Perhaps Hancock's most groundbreaking music?
First on his own for Blue Note, then as part of the second great quintet of Miles Davis.
While a part of that legendary group, he released some of the all time classics of jazz for that very same Blue Note label, Maiden Voyage and Empyrean Isles to name a few.
Then When Miles had his restless spirit get the better of him, Herbie participated in the landmark jazz rock albums, In a Silent way and Bitches Brew.
By the end of 1969 Herbie needed to get his own experimental band together, that band, Mwandishi Created some of the most fully realized experimental jazz rock of the last 40 years. You can learn a whole lot more via the Bob Gluck Mwandishi band book that's pictured to the left.
Three experimental albums under the Mwandishi name:
Only 3 albums spread across two labels for this band: Mwandishi and Crossings for Warner Brothers, and Sextant for Columbia. Mwandishi, a Swahili name that Herbie adopted; along with the other members of the band, Bassist Mchezaji / Buster Williams, Drummer Jabali / Billy Hart, trumpeter Mganga / Eddie Henderson, saxophonist Mwile / Bennie Maupin, and Saxophonist Ndugu / Leon Chancler.
This Mwandishi band was Smokin' Hot, laying down some of the wildest electro funky space jazz ever recorded. The music is not as funky in a commercial sense, like the Headhunters bands were. The music was Wide open Like Bitches Brew, and could be as ethereal as In a Silent Way.
In some spots this music is quite open to free jazz, just a bubbling cauldron of music that still sounds modern and contemporary today; if you like challenging music and have open ears, please do yourself a favor and judge for yourself .
Mwandishi was recorded almost entirely at Rudy Van Gelder studios in Englewood New Jersey. Recorded in December of 1969.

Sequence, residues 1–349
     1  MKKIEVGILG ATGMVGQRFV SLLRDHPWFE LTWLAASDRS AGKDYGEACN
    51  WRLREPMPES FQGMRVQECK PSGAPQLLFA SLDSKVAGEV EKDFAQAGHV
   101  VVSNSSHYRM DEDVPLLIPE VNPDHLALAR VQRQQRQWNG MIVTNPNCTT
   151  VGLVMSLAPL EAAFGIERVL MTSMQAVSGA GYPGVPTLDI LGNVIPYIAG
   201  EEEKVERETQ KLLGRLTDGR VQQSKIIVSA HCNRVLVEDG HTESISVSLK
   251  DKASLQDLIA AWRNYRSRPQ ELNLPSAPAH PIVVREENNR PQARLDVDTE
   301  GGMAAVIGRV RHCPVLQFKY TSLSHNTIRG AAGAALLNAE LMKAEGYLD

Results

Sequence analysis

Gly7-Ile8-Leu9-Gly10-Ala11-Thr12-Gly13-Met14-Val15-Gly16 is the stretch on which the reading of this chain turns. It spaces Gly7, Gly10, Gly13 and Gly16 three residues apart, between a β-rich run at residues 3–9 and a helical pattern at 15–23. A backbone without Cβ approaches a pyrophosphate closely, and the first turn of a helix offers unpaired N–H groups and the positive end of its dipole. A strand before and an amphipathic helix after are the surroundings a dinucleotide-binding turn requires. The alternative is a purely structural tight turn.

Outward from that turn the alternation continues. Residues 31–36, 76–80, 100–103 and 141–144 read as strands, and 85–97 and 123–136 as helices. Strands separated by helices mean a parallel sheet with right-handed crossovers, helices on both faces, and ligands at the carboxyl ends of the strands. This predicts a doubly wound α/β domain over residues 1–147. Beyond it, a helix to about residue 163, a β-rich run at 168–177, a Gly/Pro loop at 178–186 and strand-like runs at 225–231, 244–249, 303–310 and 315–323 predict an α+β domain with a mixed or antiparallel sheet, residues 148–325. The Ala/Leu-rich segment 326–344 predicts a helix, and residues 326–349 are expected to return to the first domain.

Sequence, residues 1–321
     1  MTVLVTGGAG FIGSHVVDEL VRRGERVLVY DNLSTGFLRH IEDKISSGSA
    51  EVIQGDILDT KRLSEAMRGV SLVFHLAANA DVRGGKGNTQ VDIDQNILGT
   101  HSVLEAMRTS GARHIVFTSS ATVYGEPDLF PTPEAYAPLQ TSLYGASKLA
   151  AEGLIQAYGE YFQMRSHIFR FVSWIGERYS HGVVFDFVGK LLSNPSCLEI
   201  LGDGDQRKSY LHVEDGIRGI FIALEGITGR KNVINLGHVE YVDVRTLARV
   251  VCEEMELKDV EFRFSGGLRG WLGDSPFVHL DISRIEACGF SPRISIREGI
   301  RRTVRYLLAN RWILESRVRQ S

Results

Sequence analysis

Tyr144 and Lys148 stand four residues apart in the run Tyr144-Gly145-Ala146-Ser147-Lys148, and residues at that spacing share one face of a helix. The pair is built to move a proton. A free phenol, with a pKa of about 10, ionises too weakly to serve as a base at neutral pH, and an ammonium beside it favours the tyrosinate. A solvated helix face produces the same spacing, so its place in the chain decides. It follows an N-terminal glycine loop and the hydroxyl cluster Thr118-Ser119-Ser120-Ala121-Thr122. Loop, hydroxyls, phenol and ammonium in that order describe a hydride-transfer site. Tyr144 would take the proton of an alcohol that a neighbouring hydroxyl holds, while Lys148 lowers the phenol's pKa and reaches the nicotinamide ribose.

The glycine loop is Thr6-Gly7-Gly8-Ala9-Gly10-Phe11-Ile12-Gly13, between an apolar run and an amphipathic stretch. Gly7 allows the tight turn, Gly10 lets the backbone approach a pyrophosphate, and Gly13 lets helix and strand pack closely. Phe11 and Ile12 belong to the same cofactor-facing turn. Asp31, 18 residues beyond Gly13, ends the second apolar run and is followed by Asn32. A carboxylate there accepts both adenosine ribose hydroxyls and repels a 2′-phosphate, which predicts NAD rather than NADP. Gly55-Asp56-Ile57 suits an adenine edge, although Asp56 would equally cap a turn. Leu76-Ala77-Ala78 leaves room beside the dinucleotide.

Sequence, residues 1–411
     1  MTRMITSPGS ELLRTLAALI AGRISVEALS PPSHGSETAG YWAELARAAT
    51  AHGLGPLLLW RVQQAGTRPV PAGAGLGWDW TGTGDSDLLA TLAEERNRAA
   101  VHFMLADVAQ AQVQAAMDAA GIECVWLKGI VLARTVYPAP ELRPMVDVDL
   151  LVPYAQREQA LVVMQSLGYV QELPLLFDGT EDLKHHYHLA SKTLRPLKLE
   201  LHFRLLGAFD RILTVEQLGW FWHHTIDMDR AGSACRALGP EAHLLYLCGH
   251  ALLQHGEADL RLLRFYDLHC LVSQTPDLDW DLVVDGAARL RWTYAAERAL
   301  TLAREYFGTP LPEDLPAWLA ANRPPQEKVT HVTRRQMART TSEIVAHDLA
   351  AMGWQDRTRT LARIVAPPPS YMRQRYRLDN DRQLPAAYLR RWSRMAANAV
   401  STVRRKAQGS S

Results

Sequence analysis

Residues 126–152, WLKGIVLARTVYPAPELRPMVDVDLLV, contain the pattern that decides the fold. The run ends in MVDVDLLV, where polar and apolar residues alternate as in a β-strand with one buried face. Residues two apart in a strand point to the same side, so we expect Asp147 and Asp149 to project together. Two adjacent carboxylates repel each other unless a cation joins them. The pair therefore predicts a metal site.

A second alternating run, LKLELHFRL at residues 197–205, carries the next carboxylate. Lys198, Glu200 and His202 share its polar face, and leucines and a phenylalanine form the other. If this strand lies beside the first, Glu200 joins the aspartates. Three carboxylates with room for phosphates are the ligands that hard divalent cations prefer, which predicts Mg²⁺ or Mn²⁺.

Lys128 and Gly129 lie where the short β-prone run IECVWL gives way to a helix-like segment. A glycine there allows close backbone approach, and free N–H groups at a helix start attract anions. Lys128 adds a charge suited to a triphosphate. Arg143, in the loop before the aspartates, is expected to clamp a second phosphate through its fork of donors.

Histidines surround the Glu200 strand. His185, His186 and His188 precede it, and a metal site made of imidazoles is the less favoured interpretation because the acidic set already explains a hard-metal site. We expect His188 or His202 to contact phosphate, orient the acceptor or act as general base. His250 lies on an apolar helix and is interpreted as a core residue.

The 21 minute Wondering Spirit Song, a Julian Priester composition, and the center piece of the album is roller coaster ride of a tune.
It ebbs and flows, building up tension and then releasing it, the track reminds me of Miles Davis's In a Silent Way and Bitches Brew. Some very avant-garde leanings also on this track.
Ostinato, a 15/8 rhythm, and the most overtly funky track on the album, and "You'll Know When you Get There", an ethereal Hancock composition that shows off the ballad voicing of Herbie to a tee.
Herbie was extremely impressed with Gleason, so Herbie directed Gleason to do the overdubs, and he joined the band as member.
The 25 minute "Sleeping giant" is the centerpiece of this album. "Sleeping Giant" points toward the Headhunters Band, with it's monster funk grooves.
Herbie's Fender Rhodes piano is all over the map on this track, "Sleeping Giant" is my favorite Mwandishi Band track. "Quasar" and "Water Torture", are full of Gleason's wild effects.
These two tracks are the most free and experimental of anything they did in my opinion. I dare say this track is as good as anything Miles Did in the 70's, and Eddie Henderson on trumpet does his bet Miles' fusion style playing of his career.
Sextant released in 1973 was Herbie's first recording for Columbia Records, a very similar album to Crossings, all be it, more in line with Sleeping Giant, with a definite look toward the funk commercialism to come.
This time Gleason uses an Arp synthesizer instead of the Moog. Hornets is the epic this time, with a real African element, a brutal vibe, then a beautiful vibe, all most at the same time.
A real dark modal track, reaches for the future but also reaches back to miles, ala' In a Silent Way. This albums seems a bit uneven to me. It's still great, but it feels like a transition album, as it turns out, it was.
The band was stripped down to a quartet. Herbie was only one album away from commercial super stardom with Headhunters.
Images used with permission via Amazon.com